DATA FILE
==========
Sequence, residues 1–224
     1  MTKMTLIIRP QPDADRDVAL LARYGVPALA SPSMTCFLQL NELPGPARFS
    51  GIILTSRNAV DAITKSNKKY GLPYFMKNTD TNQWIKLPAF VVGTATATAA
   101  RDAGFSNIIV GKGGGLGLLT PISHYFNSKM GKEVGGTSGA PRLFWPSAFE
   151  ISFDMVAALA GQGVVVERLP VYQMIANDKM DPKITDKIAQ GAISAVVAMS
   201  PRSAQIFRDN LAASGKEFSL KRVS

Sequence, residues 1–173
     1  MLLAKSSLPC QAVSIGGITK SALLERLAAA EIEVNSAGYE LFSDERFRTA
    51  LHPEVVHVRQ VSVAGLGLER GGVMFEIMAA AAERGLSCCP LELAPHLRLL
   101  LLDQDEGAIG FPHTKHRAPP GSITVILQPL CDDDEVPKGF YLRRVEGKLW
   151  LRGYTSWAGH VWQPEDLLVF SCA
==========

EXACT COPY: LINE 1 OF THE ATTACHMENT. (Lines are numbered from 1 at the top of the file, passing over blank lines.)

Sequence, residues 1–224